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US to hit Russia with new sanctions over UK nerve-agent attack

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US to hit Russia with new sanctions over UK nerve-agent attack

The U.S. will impose new sanctions on Russia over claims that the latter used a nerve agent in an attempt to assassinate U.K. citizen and former Russian spy Sergei Skripal and his daughter earlier this year, State Department spokeswoman Heather Nauert said in a statement.

Nauert said that the Trump administration determined Aug. 6 that Russia had "used chemical or biological weapons in violation of international law or has used lethal chemical or biological weapons against its own nationals."

The sanctions are expected to take effect on or around Aug. 22 following a 15-day congressional notification period, Nauert said, without providing further details about the sanctions.

A formal determination by the U.S. government that Russia violated international law triggers sanctions outlined in the Chemical and Biological Weapons Control and Warfare Elimination Act. Under the decades-old law, an initial round of sanctions includes a ban on exports of national-security-sensitive goods and technology to Russia.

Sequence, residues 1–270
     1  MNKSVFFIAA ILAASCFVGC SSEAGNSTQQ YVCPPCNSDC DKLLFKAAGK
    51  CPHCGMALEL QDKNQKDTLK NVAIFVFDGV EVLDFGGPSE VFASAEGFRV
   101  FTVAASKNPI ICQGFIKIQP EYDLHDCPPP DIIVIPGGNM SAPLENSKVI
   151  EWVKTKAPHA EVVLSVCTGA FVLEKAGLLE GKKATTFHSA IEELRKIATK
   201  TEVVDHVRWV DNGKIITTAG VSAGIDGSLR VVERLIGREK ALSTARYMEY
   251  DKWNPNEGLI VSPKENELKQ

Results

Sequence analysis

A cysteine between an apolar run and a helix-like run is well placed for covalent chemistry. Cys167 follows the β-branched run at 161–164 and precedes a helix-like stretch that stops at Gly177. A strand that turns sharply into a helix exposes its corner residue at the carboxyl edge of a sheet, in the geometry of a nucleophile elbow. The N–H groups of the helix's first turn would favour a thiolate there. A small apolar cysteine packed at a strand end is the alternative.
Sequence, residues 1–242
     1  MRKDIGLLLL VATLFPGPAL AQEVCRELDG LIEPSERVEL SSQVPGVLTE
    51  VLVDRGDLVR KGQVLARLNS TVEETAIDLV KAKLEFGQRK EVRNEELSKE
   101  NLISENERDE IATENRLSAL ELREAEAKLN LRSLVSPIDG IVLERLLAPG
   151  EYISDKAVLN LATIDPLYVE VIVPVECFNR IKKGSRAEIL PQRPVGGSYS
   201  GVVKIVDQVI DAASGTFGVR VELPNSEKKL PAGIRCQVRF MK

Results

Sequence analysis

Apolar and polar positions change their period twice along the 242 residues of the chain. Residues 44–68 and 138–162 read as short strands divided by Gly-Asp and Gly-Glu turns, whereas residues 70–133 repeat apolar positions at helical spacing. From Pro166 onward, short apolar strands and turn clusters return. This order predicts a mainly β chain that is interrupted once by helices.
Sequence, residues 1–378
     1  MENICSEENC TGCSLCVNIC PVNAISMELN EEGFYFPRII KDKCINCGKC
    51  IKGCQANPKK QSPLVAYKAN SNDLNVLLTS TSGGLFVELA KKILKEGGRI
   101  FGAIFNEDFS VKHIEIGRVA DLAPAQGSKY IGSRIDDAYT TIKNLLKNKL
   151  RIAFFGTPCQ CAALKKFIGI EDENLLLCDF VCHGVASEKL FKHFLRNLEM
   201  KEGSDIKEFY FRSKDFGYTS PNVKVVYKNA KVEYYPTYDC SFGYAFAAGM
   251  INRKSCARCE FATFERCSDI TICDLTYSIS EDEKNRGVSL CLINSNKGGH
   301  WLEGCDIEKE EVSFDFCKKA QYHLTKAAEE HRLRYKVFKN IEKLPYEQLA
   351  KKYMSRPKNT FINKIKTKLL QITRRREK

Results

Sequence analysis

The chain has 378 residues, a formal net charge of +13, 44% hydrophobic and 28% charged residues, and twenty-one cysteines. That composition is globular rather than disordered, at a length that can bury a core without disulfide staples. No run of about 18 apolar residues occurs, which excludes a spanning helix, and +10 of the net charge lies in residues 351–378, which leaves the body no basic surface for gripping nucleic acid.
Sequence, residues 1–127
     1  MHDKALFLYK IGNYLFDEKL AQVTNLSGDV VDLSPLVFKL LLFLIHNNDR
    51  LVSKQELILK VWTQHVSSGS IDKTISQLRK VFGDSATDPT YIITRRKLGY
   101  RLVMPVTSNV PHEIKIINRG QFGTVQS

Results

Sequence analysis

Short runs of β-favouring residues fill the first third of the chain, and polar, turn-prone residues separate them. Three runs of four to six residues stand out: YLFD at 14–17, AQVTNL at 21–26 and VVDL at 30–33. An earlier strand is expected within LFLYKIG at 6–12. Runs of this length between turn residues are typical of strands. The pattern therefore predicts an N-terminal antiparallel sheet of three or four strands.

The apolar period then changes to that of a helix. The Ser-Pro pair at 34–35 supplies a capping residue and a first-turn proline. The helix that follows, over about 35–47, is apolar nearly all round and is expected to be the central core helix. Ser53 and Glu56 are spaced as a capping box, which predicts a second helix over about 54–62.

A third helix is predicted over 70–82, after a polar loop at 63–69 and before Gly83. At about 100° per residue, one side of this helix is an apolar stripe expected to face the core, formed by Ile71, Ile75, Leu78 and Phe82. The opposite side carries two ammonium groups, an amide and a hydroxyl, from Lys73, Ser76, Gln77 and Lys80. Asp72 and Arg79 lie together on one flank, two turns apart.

Another round of sanctions would kick in three months later if Russia fails to meet certain conditions, such as providing "reliable assurances" that it will not use lethal chemical or biological weapons against its own nationals in the future, as well as on-site inspections by the United Nations.

The second round of sanctions could include downgrading or suspending diplomatic relations, a ban of all other goods and technology exported to Russia excluding food and other agricultural commodities and products, and restrictions of imports from Russia including petroleum products.

Skripal, a former spy working for U.K. security agencies, and his daughter Yulia were hospitalized in critical condition after being poisoned by a military-grade chemical weapon in Salisbury, England, on March 4. They were discharged from the hospital in the following months.

Russia has denied involvement in the attack.

The U.S., Canada and 14 European nations including Germany and France expelled dozens of Russian diplomats in response to the incident.